DRRHSlogo2015SILVERTON NORTHERN OIL SHED

 

7/21/16 PROGRESS UPDATE.

OIL SHED

Last week we poured the concrete stem walls and removed the forms.

July 14. Joe Weigman, Jerry Hoffer, Ron Schlueter, and Judy Schlueter (taking the picture) removed forms from the oil shed foundation. In the background George Niederauer and Duane Danielson are working on the flanger.

July 14. Joe Weigman, Jerry Hoffer, Ron Schlueter, and Judy Schlueter (taking the picture) removed forms from the oil shed foundation. In the background George Niederauer and Duane Danielson are working on the flanger.

 

Richard Kindig photo of oil shed and engine house in June 1939, with tender from locomotive SN 4. (We reconstructed the spur with the harp switch to the opposite side of the track to make space for an entrance lane from 9th Street.) Photo from The Rainbow Route, p. 354

Richard Kindig photo of oil shed and engine house in June 1939, with tender from locomotive SN 4. (We reconstructed the spur with the harp switch to the opposite side of the track to make space for an entrance lane from 9th Street.) Photo from The Rainbow Route, p. 354

HISTORY

The date the SN Oil Shed was built is unknown, but it is believed to have been part of the SN Engine House site development. Photographs from 1912 and 1942 clearly show two sheds in front of the engine house, one on each side. On the southeast side is the oil shed, which was used for storing flammable lubricants such as steam oil, journal oil, and special greases as well as chemicals such as boiler treatment. These items were used for servicing steam locomotives in the engine house. This 30 ft. by 14 ft. wood framed tin covered shed appears in good condition in the early photographs. However the shed construction, typical of many old sheds in Silverton, was inadequate over time for frequent very heavy snow loads. The roof framing was only 2×4 lumber on approximately 24-in. spacing spanning 14 feet.

By 1977 the shed on the northwest side was gone and the oil shed roof, southwest wall and part of the southeast wall had already collapsed. The ruins of the oil shed remained mostly stable with the floor and jumble of wood structural members slowly deteriorating for the next 33 years. Before 2007, and because the collapsed oil shed was considered a safety hazard, SJCHS considered removing the shed and cleaning up the area, but plans to put the engine house site back into railroad context and study of the available photographs indicate that the oil shed is important to the historical ambiance of the area.

Back of oil shed (east wall) barely standing and south wall completely gone in May 2013. Photo by George Niederauer

Back of oil shed (east wall) barely standing and south wall completely gone in May 2013. Photo by George Niederauer

 

RESTORATION

Our intent is to use the oil shed as a library, conference room, office, and break room for the members and visitors working on or visiting our railroad restoration projects in Silverton. The need for this space is so important to future projects that the DRHS and SJCHS decided that we would proceed even without being able to obtain a grant. We will not salvage any of the original corrugated siding or roofing, salvage any original wood for reuse on the shed, nor produce an interpretive sign.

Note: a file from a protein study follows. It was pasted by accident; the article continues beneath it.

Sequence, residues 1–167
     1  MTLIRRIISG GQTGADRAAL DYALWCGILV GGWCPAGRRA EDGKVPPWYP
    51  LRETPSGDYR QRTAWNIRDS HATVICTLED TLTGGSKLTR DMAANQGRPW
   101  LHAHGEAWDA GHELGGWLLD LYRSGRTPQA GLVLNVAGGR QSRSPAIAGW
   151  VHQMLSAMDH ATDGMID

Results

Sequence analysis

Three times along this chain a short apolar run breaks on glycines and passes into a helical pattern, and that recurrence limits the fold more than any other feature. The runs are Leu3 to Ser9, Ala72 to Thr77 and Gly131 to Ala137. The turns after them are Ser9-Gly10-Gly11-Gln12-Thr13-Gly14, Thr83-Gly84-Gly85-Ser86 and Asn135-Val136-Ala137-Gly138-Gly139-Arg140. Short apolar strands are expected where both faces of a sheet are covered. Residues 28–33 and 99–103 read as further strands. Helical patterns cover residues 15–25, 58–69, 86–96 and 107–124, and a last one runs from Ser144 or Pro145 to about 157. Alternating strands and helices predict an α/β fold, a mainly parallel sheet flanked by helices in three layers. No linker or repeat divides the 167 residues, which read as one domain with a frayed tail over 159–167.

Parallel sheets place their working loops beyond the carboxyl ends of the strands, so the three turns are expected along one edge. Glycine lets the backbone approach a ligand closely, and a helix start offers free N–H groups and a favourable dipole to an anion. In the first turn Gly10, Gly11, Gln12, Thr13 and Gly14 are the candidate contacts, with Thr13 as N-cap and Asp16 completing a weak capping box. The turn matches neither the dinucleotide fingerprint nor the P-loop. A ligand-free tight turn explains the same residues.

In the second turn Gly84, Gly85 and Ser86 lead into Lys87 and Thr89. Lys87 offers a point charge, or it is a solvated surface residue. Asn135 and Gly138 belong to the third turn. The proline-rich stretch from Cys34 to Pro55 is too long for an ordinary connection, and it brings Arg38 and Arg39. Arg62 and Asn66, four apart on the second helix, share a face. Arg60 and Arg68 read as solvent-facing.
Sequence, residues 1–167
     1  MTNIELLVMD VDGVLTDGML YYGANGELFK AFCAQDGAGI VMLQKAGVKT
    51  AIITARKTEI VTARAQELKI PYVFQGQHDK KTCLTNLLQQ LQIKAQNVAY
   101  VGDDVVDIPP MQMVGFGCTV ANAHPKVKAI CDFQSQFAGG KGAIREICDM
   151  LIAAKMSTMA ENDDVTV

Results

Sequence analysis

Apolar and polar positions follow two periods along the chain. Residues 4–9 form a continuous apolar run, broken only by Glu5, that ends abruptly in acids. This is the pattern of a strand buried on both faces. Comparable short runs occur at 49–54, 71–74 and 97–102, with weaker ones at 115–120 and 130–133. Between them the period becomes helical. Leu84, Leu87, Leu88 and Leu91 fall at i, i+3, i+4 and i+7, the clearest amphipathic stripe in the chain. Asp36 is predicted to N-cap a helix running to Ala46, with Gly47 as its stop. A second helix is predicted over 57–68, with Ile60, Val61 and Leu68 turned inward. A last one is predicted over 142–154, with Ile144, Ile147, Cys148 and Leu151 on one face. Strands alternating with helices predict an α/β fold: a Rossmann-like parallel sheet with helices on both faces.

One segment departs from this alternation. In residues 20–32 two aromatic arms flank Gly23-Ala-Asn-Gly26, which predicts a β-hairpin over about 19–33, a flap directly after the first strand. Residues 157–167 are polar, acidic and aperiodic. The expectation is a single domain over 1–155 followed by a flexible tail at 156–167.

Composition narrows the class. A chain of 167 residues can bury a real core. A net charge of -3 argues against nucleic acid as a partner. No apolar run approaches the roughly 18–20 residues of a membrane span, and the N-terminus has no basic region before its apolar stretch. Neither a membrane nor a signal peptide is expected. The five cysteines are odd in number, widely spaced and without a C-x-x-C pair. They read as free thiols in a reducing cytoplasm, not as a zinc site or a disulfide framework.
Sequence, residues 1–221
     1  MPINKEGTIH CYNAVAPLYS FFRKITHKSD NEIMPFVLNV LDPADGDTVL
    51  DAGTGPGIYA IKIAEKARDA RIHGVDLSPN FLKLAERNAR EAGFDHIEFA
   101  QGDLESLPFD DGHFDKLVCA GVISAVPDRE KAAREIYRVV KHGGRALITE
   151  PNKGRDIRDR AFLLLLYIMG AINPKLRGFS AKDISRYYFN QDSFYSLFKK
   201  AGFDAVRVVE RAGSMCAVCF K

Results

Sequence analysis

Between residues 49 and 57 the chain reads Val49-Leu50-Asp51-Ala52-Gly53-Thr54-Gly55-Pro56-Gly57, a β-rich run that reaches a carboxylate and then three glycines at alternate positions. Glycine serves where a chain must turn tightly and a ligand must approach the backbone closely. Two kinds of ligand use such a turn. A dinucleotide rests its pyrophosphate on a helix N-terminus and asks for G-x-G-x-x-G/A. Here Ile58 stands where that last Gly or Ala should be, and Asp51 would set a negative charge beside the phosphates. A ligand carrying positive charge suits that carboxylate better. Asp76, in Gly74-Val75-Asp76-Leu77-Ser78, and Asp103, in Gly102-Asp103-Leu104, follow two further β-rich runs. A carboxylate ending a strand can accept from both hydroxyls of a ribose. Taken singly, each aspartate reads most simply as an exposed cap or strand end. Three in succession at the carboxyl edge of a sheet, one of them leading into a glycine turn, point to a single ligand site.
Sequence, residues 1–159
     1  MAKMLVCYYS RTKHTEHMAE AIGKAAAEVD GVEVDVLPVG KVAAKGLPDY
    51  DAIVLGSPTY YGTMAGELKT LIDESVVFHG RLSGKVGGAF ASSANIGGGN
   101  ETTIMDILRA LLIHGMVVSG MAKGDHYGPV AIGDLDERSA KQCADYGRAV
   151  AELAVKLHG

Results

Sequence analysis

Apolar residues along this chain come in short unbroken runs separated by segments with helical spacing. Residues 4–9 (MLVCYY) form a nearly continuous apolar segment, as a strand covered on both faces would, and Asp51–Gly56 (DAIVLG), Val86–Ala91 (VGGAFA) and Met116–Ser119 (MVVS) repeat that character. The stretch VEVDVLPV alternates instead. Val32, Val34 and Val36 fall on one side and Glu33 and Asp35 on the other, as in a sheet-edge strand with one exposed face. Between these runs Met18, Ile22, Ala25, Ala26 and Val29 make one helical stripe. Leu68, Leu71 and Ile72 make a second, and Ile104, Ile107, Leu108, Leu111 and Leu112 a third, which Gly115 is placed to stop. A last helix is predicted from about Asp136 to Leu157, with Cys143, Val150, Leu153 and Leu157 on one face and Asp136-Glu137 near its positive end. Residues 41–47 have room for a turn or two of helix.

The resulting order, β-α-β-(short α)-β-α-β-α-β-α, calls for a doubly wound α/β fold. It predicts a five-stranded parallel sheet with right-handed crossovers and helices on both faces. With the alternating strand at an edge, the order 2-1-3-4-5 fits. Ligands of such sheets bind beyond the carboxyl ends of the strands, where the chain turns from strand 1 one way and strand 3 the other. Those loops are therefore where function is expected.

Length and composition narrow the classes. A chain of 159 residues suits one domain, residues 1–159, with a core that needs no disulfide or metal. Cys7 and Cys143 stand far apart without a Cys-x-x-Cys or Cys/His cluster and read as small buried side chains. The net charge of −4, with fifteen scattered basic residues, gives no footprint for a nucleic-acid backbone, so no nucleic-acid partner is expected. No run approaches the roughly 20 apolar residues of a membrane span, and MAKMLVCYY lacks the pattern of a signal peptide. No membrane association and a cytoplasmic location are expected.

Front of oil shed (west wall) barely standing in May 2013. Photo by George Niederauer

Front of oil shed (west wall) barely standing in May 2013. Photo by George Niederauer

Volunteers will construct the shed. We expect reconstructing the shed to cost less than $14,000.
A concrete foundation will be formed, reinforced, and poured. Rigid electrical conduit will be stubbed through the foundation for a future underground feed from the engine house. Volunteers will reconstruct the shed to meet the building code. A wood floor will be kept at its original step above grade inside the walls and will be made as the original with plank flooring. The walls, which start at grade, and roof will be framed and sheathed, then covered with new ‘rusty’ metal corrugated roofing to keep with the historic appearance. The wood doors and window will be constructed as the originals and trimmed the same as the originals. The window with shutter doors on the easterly side will be glazed, and the shutters will be functional.

The interior rehabilitation treatment will simply include insulation covered with sheetrock and painted. Interior electrical will include a small breaker box, three ceiling lights with switch, and perimeter outlets installed per the National Electric Code.

In August 2015, wrapping a cable around it and tugging with a jeep quickly brought down the shed. We discovered the rusted corrugated metal was badly deteriorated and would not have been salvageable. However, we were able to salvage three 4×4 posts and a couple of boards, which went to the barn woodpile at the museum instead of the burn pile. The wooden floor of the shed was built on stringers setting directly on the ground, so much of it was rotted away. Only a couple of planks were taken to the museum and the rest went to the burn pile.

In September 2015, as part of this project, a forty-foot 18-in diameter sleeve was placed 8-ft. deep for a future 6-in city waterline. This is required because the water line will pass under the northeast corner of the shed in the sleeve. A local excavator buried the sleeve, marked the ends of the sleeve with 1 1/2-in. vertical PVC pipes, filled and compacted the soil, restored the ditch behind the shed, and leveled the site.

In spring 2016, the site will have been further compacted by the spring melt. By mid June 2016 it will be leveled again to the depth required by the foundation, then construction should begin. We expect to occupy the reconstructed shed by the end of summer 2016.